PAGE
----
“HIV treatment ensures good health and also prevents onwards transmission, helping the UK achieve its target of eliminating new HIV infections by 2030.”

The Government’s Chief HIV Advisor and Chair of the HIV Action Plan Implementation Steering Committee, Professor Kevin Fenton said:

“Offering this routine testing in all Emergency Departments in London is a key step towards our shared ambition of ending new HIV transmissions in England by 2030, as we know it is one of the most effective ways to identify new cases of HIV, linking those diagnosed to valuable, life-saving care.

“As part of the government’s HIV Action Plan, we are working to ensure that the estimated 4,660 people living with HIV in England in 2020 but unaware of their HIV status, are tested, diagnosed, and offered treatment.

“It is essential that we maintain our focus on prevention, testing, access to high quality care and tackling HIV stigma, working with partners across the health system and beyond, to reach our shared ambition of ending HIV transmission.”

Professor Jane Anderson, Co-Chair of Fast-Track Cities London said:

“Fast-Track Cities London is proud to support the roll-out of HIV testing in all emergency departments in London. An opt-out approach is the best way to make sure the huge benefits of HIV testing reach as many people as possible.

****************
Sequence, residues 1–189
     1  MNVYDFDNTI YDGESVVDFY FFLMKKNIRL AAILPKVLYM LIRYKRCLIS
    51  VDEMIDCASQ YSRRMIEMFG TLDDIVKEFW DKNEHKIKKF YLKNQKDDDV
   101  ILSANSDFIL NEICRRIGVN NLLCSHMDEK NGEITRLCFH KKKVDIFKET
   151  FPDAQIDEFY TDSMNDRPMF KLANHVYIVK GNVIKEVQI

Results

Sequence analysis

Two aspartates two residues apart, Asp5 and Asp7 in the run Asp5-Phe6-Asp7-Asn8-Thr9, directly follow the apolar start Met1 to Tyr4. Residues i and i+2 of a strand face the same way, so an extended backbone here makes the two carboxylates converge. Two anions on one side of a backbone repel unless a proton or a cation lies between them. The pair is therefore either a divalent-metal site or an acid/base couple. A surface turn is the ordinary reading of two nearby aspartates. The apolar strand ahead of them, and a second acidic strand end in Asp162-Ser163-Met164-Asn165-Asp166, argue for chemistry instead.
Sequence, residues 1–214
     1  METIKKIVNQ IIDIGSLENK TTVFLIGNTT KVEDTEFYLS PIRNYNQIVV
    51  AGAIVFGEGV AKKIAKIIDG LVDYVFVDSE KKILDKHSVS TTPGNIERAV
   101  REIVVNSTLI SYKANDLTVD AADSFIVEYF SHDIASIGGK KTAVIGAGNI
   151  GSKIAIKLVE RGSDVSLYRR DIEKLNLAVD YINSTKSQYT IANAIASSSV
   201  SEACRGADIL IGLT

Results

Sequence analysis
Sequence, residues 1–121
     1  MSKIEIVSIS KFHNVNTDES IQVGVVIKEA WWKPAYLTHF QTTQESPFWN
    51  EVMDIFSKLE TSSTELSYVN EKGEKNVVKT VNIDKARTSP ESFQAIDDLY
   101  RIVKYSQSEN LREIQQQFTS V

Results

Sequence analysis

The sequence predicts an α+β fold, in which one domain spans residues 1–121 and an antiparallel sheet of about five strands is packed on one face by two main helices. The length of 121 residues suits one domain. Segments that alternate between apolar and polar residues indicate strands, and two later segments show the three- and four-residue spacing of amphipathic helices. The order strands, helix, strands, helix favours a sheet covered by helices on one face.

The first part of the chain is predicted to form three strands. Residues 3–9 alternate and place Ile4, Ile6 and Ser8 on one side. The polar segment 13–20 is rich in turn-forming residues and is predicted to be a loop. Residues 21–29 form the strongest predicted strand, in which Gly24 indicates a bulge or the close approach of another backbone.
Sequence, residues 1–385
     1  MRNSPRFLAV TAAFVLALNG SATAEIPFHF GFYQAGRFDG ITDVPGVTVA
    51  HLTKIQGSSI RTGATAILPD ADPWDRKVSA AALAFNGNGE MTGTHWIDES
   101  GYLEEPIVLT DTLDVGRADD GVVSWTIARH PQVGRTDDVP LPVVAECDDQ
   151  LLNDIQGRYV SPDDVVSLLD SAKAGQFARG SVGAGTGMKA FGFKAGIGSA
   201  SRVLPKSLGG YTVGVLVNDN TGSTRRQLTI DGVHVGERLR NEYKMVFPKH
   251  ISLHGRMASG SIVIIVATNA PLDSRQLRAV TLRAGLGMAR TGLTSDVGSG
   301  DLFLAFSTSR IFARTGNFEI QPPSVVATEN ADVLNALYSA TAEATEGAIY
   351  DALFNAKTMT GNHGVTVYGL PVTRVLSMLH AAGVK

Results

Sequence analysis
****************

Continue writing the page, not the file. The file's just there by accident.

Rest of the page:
“An HIV test is the gateway to good health – if someone tests positive there is excellent lifesaving treatment, and a negative test means access to a full range of prevention methods. This is a great step on the road to London being the first city in the world to eliminate HIV all together.”

Minister for Public Health, Maggie Throup said:

“We are leading the way in stamping out HIV. As part of our HIV Action Plan, the expansion of opt-out testing across the capital is a further step to identifying undiagnosed HIV. This will ensure people get the right treatment as early as possible and will help eliminate this cruel disease for future generations.

“We’ve made excellent progress already with transmissions continuing to fall across England and we are well on our way towards our ambition of zero HIV transmissions and deaths by 2030.”

NHS Medical Director in London, Dr Chris Streather said:

“The NHS in London is committed to increasing early detection diagnoses of HIV, to ensure people have access to the life-saving medication which prevents long-term health issues and reduces the chance of unknown transmissions to others.

“The opt-out HIV, Hepatitis B and C testing in Emergency Departments offers patients already in hospital care in London, the chance to check on their health without an additional trip.

“Offering this routine testing in all EDs in London is fantastic, so we can identify those who may not know they are living with HIV, get them the treatment to live long healthy lives and avoid future inpatient NHS care.”

Of the NHS England London region allocation, £5m has been distributed to the five Integrated Care Systems to fund this initiative across the capital.

As part of the prevention agenda, NHS England is committed to the government ambition of achieving zero HIV transmissions by 2030. The government HIV action plan committed £7m annually to EDs to introduce opt-out HIV testing in the highest prevalence areas.